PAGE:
Welcome to the Blockchain Ardor — Medium Series! This article provides an introductory tour of the live features available on the Ignis child chain as of August 2018. The information presented here represents a modified version of the information in the 11-minute long video on youtube titled, “Blockchain Ardor: Demo and Tour of Ardor and Ignis Features” — available here.
The Ignis Tour
Let’s begin the tour. Open your client wallet and log in to the Ignis chain.
We arrive on the Ignis Dashboard, which looks similar to the Ardor Dashboard but with 8 blue boxes. The options in the top toolbar remain mostly the same as explained in the Ardor tour here, but with the addition of the send message option and information on shuffled (private) transactions.
In the center of the screen at the top row, the first blue box is our Ignis balance, the next is the quantity of assets owned on the Ignis chain, the 3rd box shows the quantity of any currencies owned, and the final box shows the number of items purchased through the marketplace. In the second line of boxes, we see the quantity of pending and completed sales through the marketplace. The second box shows how many messages you have. The third box shows the number of aliases you own. Aliases are like namespaces or domain names– they are shortened handles for referencing accounts. So, for example, you could purchase an alias so that clients, app users, or friends can send money to a name that is easier to remember than your current public address. The last box on this line shows the block information, just like the Ardor chain.
Understanding Ignis Account Balances
Click “More Info” on the Ignis Account balance.
A pop up box appears.
You’ll notice the Balance and Available balance (orange) reflect your Ignis holdings, however, your Guaranteed Balance (blue) refers to your actual Ardor balance, while your Effective and Forged Balances refer to the forging power of your Ardor coins, as explained in the Ardor tour here. Note that there is an option for Account Leasing, but this does not work for Ignis. Forging power and the proof of stake consensus process are unique solely to the Ardor Parent Chain. The equivalent to forging for child chain transactions is a process called, “Bundling,” which you can learn about here.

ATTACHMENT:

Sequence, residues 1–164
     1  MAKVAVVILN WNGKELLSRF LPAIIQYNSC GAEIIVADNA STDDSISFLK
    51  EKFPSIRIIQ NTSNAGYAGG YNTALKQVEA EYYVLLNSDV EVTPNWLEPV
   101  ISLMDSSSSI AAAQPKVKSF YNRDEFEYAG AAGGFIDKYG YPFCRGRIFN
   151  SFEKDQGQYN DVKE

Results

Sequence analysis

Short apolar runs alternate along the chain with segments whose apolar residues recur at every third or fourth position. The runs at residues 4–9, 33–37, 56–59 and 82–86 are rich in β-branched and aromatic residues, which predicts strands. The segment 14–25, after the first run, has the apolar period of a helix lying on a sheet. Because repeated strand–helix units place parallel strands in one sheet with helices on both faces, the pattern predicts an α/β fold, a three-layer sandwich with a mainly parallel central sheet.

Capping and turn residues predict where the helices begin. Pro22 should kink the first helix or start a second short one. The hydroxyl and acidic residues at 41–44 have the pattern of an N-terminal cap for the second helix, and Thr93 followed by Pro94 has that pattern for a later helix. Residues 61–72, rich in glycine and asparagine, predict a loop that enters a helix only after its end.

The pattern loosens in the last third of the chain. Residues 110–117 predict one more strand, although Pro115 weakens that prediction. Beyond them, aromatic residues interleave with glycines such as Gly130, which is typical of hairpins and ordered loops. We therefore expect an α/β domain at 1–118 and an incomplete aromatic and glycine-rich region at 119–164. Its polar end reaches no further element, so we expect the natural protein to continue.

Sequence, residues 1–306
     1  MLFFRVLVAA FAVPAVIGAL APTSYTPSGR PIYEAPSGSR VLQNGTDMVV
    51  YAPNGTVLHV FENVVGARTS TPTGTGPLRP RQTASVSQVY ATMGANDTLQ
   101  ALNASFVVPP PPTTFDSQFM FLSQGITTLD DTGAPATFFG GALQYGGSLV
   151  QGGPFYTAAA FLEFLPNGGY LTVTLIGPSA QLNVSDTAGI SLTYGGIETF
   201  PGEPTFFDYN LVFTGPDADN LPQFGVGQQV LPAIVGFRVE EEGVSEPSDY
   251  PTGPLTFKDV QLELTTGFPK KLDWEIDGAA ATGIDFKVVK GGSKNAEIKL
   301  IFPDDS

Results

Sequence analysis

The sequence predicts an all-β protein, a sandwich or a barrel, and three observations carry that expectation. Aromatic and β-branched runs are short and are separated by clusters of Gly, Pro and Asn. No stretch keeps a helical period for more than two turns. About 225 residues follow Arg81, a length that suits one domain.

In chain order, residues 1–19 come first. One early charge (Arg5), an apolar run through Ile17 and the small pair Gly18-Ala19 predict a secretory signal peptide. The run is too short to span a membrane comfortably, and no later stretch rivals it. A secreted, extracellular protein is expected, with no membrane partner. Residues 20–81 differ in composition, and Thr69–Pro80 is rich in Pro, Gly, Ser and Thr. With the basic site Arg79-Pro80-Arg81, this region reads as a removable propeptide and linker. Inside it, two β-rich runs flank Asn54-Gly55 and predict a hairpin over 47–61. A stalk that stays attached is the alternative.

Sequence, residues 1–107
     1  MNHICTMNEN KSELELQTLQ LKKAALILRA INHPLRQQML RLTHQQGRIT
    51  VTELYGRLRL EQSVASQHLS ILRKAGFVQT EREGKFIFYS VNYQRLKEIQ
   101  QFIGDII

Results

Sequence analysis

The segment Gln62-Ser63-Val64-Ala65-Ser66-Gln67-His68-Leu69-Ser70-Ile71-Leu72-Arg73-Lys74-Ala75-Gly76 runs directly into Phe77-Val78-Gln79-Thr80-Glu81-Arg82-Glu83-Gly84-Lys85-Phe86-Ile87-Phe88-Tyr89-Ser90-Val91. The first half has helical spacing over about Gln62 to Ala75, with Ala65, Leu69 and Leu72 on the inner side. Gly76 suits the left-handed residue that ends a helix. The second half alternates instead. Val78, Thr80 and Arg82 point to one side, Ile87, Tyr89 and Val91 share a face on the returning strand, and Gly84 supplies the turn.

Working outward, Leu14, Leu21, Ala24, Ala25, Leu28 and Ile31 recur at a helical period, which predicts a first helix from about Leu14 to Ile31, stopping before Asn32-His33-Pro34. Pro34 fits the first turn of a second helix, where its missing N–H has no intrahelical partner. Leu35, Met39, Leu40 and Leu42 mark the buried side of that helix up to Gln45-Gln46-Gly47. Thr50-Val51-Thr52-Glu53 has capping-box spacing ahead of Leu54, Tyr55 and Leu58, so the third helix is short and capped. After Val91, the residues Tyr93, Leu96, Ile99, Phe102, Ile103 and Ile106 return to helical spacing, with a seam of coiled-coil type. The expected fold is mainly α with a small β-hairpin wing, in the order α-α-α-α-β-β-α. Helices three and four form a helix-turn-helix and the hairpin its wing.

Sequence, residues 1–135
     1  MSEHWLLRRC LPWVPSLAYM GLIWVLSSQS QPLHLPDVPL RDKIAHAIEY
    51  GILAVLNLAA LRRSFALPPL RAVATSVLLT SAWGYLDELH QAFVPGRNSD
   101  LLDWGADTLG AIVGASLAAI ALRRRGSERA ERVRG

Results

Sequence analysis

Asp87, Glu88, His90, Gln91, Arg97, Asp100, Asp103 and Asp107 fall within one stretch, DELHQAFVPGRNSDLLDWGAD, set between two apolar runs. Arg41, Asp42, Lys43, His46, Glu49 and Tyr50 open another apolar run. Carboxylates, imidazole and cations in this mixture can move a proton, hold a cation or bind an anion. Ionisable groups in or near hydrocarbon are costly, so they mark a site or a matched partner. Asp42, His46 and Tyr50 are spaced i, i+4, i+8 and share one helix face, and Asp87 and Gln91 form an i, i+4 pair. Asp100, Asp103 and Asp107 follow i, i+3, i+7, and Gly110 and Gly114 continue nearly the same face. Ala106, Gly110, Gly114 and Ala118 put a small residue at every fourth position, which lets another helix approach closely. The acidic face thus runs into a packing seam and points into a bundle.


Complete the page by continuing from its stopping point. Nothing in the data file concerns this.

Looking at the left side menu, we see our Dashboard with the same options as Ardor.
Decentralized Coin Exchange
There is also the decentralized coin exchange where you can purchase Ardor, AEUR (pegged euros), or Bitswift using Ignis. Remember one of the key benefits of the Ardor ecosystem is the fact that the parent chain and all child chains are interoperable, which means new assets and tokens across child chains can seamlessly interact with one another.
The next two functions are some of Ignis’s most powerful: the issuance and exchange of assets and new monetary supplies.
Differences between Assets (green) and Monetary Supplies (blue)
On the Ignis child chain, you can issue and exchange singleton assets (individual assets) or a large supply of assets representing anything from equities to ICO tokens to sports or entertainment event tickets to real estate properties — you can even use assets to issue dividends.
The key here is that the name of an asset is not unique. The only way to identify a particular asset as legitimate is to verify its Asset ID, a series of randomly assigned numbers, against a list of Asset IDs known to be legitimate. You can use https://ardor.tools and https://ardor.world as websites to research and identify assets before purchasing them in the wallet.
Monetary supplies on the other hand, are like issuing your own cryptocurrency — the name is unique and the properties function a bit differently. Below, you see the list of existing monetary supplies.
There are a variety of options for issuing monetary supplies.
For example, given that the option for setting reserves exists, and there is a euro pegged child chain, you could issue euro backed tokens right now on the AEUR child chain. To learn more about the types of monetary supplies, check out this resource here.